There is a fair amount of checker plate on the wings, but the wings appear to be relatively decent from the underside, so may not actually be hiding rot. The body has obviously seen its fair share of knocks and repairs, but the body panel fit while not completely cohesive, is relatively straight and the panel gaps suggest that isn’t major body distortion. There were no hasty fibre-glass type repairs and a strip down could yield a surprising amount of decent metal. There are a series of indentations of the body, with every panel showing imperfects but not severe enough to render them unrepairable and should not need too much time to fill in the holes or knock out the dents. All doors, including the tailgate and bonnet open without too much resistance, the bonnet stay, passenger door handles and hinges are fully operational.
The paint has clearly seen better days, finished in green, the car may well have started its life in blue, but a check with the Heritage Centre could uncover any mysteries to its originality. The car has a few bolt-on goodies, obviously, not all can be accounted for in terms of originality, but the fitting of additional spotlights, rear light cages, grille jacket as well as a solidly decent front bumper with towing eyes supports the spending as documented in the paperwork.
The hardtop roof is in a fairly tatty state but is complete and with some effort and elbow grease could easily be brought up to a decent standard. All windows are complete and seals look fit for their purpose, but do show signs of age. The car has no evidence of water in the cabin, which bodes well for the integrity of the structure. The glass is complete, with no evidence of cracks or chips, but obviously shows signs of light wear.
The 16” steel wheels show an expected patina but are in decent straight condition underneath the surface rust. Like many of the cosmetic aspects of the car, a refurb would transform them. The Falken tyres look like they were all placed on the vehicle at the same time and all 4 are under 10 years old. As a result, there are no significant cracks and display a healthy amount of tread. The bonnet mounted spare wheel is beyond legal use but again the steel wheel is salvageable.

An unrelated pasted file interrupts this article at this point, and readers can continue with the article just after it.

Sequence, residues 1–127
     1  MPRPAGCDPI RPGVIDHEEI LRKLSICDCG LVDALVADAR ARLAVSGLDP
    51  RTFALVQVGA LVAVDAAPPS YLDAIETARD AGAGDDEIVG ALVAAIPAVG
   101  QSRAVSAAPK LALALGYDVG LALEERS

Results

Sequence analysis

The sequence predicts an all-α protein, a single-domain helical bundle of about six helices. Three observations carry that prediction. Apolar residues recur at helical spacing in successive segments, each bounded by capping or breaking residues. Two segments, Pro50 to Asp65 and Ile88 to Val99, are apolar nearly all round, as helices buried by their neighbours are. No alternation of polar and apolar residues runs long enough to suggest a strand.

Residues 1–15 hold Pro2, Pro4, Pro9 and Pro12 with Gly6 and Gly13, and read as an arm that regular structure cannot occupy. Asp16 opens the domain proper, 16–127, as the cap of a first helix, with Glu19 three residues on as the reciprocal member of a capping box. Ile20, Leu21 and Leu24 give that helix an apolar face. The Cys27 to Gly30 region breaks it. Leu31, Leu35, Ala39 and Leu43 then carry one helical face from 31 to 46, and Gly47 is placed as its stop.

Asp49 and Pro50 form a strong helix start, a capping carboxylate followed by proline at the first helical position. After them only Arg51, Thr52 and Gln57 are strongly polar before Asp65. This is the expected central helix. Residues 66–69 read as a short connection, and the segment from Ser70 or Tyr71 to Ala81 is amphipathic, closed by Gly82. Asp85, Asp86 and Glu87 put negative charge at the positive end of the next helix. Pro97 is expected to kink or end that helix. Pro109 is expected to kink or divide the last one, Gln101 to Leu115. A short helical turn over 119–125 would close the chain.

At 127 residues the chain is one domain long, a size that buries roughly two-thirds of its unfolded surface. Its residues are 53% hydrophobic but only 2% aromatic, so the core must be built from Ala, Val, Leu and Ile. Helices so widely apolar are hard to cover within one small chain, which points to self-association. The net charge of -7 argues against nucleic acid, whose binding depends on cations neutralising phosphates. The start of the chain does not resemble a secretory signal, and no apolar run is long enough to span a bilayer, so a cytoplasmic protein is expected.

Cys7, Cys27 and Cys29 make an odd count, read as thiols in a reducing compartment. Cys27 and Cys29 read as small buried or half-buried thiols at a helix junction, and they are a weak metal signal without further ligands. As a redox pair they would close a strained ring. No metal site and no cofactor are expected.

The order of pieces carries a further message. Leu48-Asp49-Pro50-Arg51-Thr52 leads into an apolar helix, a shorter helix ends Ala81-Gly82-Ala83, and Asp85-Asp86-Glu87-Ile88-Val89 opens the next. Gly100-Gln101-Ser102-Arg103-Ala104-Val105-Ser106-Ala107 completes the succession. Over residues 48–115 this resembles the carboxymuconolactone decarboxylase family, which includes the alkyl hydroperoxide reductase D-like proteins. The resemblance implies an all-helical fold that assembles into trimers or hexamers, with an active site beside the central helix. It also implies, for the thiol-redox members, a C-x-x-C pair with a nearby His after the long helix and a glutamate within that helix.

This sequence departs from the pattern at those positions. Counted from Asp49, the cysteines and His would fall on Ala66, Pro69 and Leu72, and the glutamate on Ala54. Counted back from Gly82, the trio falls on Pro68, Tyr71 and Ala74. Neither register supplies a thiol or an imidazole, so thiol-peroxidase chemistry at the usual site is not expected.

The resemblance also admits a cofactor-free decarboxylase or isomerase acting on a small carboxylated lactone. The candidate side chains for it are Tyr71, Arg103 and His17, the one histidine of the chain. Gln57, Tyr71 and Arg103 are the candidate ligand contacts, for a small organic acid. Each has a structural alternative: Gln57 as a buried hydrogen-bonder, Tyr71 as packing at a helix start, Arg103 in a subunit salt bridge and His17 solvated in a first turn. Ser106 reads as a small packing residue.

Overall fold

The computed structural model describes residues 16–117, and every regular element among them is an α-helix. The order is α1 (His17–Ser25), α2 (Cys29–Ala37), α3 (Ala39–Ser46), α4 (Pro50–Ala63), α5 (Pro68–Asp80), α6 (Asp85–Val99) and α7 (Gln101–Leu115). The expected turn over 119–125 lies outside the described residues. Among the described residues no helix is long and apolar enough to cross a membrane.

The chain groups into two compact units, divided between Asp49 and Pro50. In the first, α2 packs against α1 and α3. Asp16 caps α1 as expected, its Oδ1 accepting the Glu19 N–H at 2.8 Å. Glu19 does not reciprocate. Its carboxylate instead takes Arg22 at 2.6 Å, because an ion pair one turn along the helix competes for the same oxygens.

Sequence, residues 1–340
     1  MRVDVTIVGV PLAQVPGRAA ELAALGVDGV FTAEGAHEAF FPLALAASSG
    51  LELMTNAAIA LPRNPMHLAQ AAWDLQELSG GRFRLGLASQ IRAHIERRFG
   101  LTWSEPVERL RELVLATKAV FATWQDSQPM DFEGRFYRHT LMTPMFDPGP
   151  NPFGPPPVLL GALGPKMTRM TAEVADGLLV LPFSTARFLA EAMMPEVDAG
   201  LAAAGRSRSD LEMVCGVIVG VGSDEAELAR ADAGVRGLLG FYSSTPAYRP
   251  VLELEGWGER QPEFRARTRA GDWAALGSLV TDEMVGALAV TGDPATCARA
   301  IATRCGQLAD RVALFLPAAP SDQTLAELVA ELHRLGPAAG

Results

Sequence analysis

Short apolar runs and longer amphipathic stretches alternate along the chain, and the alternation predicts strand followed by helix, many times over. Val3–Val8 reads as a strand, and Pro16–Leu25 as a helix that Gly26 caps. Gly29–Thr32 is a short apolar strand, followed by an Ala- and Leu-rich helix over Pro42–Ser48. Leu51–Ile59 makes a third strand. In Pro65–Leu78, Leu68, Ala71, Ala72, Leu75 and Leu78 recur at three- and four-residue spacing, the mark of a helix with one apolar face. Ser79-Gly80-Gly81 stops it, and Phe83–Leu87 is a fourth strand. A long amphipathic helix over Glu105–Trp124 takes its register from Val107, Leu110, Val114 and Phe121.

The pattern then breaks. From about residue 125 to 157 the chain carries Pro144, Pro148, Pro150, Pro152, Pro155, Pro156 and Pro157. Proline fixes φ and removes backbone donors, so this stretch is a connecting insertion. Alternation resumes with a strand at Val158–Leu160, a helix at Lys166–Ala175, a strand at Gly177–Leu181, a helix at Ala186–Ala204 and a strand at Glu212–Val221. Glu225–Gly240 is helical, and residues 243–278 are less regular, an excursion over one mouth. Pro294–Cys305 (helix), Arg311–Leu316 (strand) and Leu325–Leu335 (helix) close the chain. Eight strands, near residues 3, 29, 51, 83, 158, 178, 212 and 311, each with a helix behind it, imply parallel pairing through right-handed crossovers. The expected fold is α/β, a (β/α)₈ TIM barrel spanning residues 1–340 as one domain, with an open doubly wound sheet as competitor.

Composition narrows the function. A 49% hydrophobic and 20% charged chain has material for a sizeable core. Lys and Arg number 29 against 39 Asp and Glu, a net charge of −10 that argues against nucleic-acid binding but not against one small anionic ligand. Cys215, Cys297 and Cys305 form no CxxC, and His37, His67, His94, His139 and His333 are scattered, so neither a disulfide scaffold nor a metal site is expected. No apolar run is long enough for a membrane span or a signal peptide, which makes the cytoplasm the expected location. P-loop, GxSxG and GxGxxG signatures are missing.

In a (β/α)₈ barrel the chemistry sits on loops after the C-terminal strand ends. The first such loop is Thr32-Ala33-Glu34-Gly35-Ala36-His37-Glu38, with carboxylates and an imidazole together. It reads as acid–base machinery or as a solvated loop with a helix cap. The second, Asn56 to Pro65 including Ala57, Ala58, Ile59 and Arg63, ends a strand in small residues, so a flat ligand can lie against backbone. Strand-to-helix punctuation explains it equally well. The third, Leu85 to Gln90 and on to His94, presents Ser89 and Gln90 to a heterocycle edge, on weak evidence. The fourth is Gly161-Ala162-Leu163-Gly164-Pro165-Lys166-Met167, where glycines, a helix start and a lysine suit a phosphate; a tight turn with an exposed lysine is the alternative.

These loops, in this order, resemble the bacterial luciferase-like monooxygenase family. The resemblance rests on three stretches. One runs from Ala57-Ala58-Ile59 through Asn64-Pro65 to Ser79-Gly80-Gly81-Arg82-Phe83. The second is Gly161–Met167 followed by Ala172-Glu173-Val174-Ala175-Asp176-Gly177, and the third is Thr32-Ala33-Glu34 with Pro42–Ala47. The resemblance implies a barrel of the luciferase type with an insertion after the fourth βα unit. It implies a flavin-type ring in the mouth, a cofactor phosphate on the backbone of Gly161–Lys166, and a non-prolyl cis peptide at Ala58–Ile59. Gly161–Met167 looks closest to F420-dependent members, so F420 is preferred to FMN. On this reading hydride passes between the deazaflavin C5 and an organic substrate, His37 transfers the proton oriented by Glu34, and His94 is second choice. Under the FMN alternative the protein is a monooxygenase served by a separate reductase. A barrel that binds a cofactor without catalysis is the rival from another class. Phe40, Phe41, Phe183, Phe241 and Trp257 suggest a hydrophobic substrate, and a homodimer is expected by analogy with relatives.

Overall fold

Mechanically the engine is in robust visual condition, with evidence that it has been maintained with several components looking like recent additions. The car is said to turn over and has recent been running under its own power. The engine has seen a fair amount of work in the recent past, with the overall visual presentation of the diesel block looking a little weathered but free from significant wear. The diesel engine is likely to have come via a later Series 2a engine, as the 2.25 diesel option was not available for this model year. Going on clues from its last MOT in 2013, excessive smoke would have been a key reason for the cars refusal of an MOT and it's possible that the owner was working towards getting the engine up to scratch prior to it being laid up. Some components, such as the exhaust and the front leaf springs would need replacement. The battery had a weak source of power. The wiring loom is in decent order, with evidence of several recent engine components.
The key thing to remember is that by their nature, many Land Rover are easily repairable. The structure simply lends itself to DIY repair and if you fancy renovating without learning the art of MIG-Welding, then the parts availability is among the best in the classic car world. To the seasoned Land Rover enthusiast this complete and solid version with a healthy amount of paperwork suggesting some recent expenditure should not break a sweat. View it as the ultimate Meccano set, its S2 status and previous attention to work on its structure, gearbox and running gear will certainly make it an attractive project. As we opened up the description of this listing with slightly negative platitudes, they will never put off potential buyers partly due to the well established following it has attracted for decades. Along with the excellent parts availability, professional advice, well-proven fixes and hacks and the undeniable character of the go-anywhere and do-any-thing design, the car in whatever state will simply sell itself.